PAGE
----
As to removing the hood and side panels to help cool the engines. While it might help with engine cooling it sure does not help with cooling the driver or co-driver. I've driven my Pattern 12 in 90F+ air temperatures with out the side hood panels and it was miserable. Same temps with panels and hood on doors open on the hooks and the windscreen open halfway was semi tolerable. No doubt in my mine Patter 13 is much better.

But even the Pattern 13 in 80-90F temperature the air in the drivers footwell can hit 124F+. I now have a thermometer under the dash to remind me when it is getting to hot. The truck is fine I'm the one passing out from the heat.


Cheers Phil
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  #14  
Old 23-06-21, 21:25
Grant Bowker Grant Bowker is offline
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Quote:
Originally Posted by rob love View Post
Hard to understand why they would go to all the trouble to remove the spare tire carrier and move the box forward. The weight saving is negligible.
I forget which of the LWB bodies it is, but at least one (likely more) was designed with long wheelhousings to permit mounting either forward without a spare tire carrier or rearward with one.
Agreed about 20" wheels, obvious on the 13 cab in the foreground and a bit less so on the 11/12 cab in the background. I think the background trucks are most likely 11/12 cab based on the positioning if the post at the front of the door and general proportions of the truck nose but am not good enough to tell if Ford or Chev on any of the trucks.

Last edited by Grant Bowker; 23-06-21 at 21:36.
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  #15  
Old 23-06-21, 21:46
rob love rob love is offline
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From my time working in Kandahar, I doubt it would make a whole lot of difference wrt the heat from the engine being blown towards the driver. During the summer there, any breeze or wind felt like standing in front of a Herman Nelson heater. At least it helped evaporate some of the sweat. 90° would be a very cool day there in the summer time.
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  #16  
Old 24-06-21, 07:02
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Default Righto

Four 11/12 Cabs.

Wheelbase 134 inch either 30cwt or 60S? (I think they made 12's in S configuration... happy to be corrected). Definitely 20 inch rims.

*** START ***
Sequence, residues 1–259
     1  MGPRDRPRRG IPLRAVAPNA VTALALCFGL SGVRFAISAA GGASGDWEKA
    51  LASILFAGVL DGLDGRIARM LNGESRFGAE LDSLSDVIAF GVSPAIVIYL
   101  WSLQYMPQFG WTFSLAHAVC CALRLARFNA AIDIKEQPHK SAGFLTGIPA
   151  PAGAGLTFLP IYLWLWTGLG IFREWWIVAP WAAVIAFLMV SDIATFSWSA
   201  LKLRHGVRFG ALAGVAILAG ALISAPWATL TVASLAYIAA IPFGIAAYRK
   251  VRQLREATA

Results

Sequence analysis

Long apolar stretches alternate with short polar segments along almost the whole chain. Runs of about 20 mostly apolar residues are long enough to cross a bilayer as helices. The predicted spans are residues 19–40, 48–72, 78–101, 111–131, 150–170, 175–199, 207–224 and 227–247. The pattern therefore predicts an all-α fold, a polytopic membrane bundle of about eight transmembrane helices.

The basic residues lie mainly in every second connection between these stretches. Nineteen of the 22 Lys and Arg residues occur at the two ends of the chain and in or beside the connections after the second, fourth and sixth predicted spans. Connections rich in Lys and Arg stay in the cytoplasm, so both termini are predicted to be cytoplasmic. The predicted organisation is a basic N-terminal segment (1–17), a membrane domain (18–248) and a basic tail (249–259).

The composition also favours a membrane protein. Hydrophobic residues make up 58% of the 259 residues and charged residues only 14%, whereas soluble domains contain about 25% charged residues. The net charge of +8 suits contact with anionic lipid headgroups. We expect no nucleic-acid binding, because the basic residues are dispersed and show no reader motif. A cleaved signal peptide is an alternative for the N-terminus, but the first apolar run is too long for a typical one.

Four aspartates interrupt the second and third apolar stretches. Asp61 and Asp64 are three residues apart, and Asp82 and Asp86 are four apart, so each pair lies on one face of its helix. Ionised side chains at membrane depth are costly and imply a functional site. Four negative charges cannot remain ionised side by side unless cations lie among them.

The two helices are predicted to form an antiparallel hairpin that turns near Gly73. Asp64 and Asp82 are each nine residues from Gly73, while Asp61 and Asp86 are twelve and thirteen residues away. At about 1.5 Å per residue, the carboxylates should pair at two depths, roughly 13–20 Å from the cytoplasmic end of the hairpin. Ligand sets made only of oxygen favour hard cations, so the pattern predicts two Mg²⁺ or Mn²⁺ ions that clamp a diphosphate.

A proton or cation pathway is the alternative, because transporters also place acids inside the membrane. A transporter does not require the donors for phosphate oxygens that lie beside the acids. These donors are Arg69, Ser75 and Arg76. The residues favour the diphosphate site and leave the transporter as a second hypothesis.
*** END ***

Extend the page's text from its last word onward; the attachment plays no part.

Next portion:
My line of logic for the 60L body would be for more cargo area. When youre out in the desert... I would think any extra room for water/ammunition in a forward area would be invaluable.

Place a spare around the side and youre good to go.
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  #17  
Old 20-02-23, 18:32
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Quote:
Originally Posted by Hanno Spoelstra View Post
F30s? Or are these are 158” w.b. 3-ton trucks with roofless Cab 13 and the GS body moved forward with the spare wheel fitted to the side of the body?
Seeing this F60L in Dutch civilian postwar service working on the beach reminded me of this thread.

It offers a good view of what the 3-ton GS body looks like sitting more forward after the spare wheel holder behind the cab was removed.

I am now convinced these are 158” w.b. 3-ton trucks with roofless Cab 11 or 12 and the GS body moved forward with the spare wheel fitted to the side of the body.

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  #18  
Old 23-02-23, 00:03
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Quote:
Originally Posted by Hanno Spoelstra View Post
I am now convinced these are 158” w.b. 3-ton trucks with roofless Cab 11 or 12 and the GS body moved forward with the spare wheel fitted to the side of the body.
And I am now pretty sure the LRDG Heavy Section did not alter the body, but that these trucks were delivered as such:

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  #19  
Old 08-04-24, 21:12
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Default “Somewhere in the desert between Egypt and Libya”

Two photos of a Cab 13 3-tonner with its GS body moved forward.
Notice the spare wheel holder dangling from the left hand side of the GS body.

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Source:
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  #20  
Old 12-04-24, 16:21
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Quote:
Originally Posted by Hanno Spoelstra View Post
Two photos of a Cab 13 3-tonner with its GS body moved forward.
Notice the spare wheel holder dangling from the left hand side of the GS body.
More photos of this 3-tonner. Note the spare wheel holder is being moved around every now and then.

Quote:
Fliegel Jezerniczky
Any idea when the photo was taken ? When I last saw it in 2010, it was half-covered in sand, and as far as I know the area has been closed since 2012 (both to foreigners and locals).
No info on the unit, though most likely a SDF convoy truck (though it is a bit further north than the regular route).
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Alan Hall, 2010:
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Toby Savage, April 2012:
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  #21  
Old 13-04-24, 20:27
martin bendsoe martin bendsoe is offline
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Dear all,

Interesting enough one can find pictures of LRDG Ford F30 (I think also here on MLU), where the body has been moved BACK (for better weight distribution over the rear wheels?) allowing for a spare wheel behind he cab.

Cheers, Martin
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  #22  
Old 14-04-24, 09:11
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Quote:
Originally Posted by martin bendsoe View Post
Interesting enough one can find pictures of LRDG Ford F30 (I think also here on MLU), where the body has been moved BACK (for better weight distribution over the rear wheels?) allowing for a spare wheel behind he cab.
Hi Martin,

Indeed, the LRDG modified (some of) their F30s. The body was moved back to improve the weight distribution for driving in the desert.

Re. these 3-ton trucks, I am pretty sure the LRDG Heavy Section did not alter the body, but that these trucks were delivered as such.